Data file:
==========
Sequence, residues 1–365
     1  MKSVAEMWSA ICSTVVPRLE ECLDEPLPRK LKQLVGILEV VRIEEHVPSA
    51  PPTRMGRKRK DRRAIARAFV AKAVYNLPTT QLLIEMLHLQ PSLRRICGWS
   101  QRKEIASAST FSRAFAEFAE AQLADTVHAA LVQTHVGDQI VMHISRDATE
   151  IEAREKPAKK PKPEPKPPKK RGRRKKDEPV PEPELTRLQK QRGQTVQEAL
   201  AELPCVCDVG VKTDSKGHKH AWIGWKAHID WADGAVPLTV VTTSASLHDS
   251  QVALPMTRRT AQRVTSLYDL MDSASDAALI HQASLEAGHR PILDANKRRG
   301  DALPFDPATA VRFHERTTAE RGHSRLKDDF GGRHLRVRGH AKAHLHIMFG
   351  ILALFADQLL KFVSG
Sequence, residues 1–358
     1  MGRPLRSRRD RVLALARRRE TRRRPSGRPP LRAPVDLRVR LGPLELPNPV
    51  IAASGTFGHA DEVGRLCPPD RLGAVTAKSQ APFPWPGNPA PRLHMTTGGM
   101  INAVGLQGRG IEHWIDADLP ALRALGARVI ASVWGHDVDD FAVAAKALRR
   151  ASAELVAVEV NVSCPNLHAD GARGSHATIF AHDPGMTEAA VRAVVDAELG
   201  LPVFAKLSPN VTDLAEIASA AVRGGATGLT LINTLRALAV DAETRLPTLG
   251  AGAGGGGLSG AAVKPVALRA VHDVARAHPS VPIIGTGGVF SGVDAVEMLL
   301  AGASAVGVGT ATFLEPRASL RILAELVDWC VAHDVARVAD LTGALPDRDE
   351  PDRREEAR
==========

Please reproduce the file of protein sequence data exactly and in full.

Sequence, residues 1–365
     1  MKSVAEMWSA ICSTVVPRLE ECLDEPLPRK LKQLVGILEV VRIEEHVPSA
    51  PPTRMGRKRK DRRAIARAFV AKAVYNLPTT QLLIEMLHLQ PSLRRICGWS
   101  QRKEIASAST FSRAFAEFAE AQLADTVHAA LVQTHVGDQI VMHISRDATE
   151  IEAREKPAKK PKPEPKPPKK RGRRKKDEPV PEPELTRLQK QRGQTVQEAL
   201  AELPCVCDVG VKTDSKGHKH AWIGWKAHID WADGAVPLTV VTTSASLHDS
   251  QVALPMTRRT AQRVTSLYDL MDSASDAALI HQASLEAGHR PILDANKRRG
   301  DALPFDPATA VRFHERTTAE RGHSRLKDDF GGRHLRVRGH AKAHLHIMFG
   351  ILALFADQLL KFVSG
Sequence, residues 1–358
     1  MGRPLRSRRD RVLALARRRE TRRRPSGRPP LRAPVDLRVR LGPLELPNPV
    51  IAASGTFGHA DEVGRLCPPD RLGAVTAKSQ APFPWPGNPA PRLHMTTGGM
   101  INAVGLQGRG IEHWIDADLP ALRALGARVI ASVWGHDVDD FAVAAKALRR
   151  ASAELVAVEV NVSCPNLHAD GARGSHATIF AHDPGMTEAA VRAVVDAELG
   201  LPVFAKLSPN VTDLAEIASA AVRGGATGLT LINTLRALAV DAETRLPTLG
   251  AGAGGGGLSG AAVKPVALRA VHDVARAHPS VPIIGTGGVF SGVDAVEMLL
   301  AGASAVGVGT ATFLEPRASL RILAELVDWC VAHDVARVAD LTGALPDRDE
   351  PDRREEAR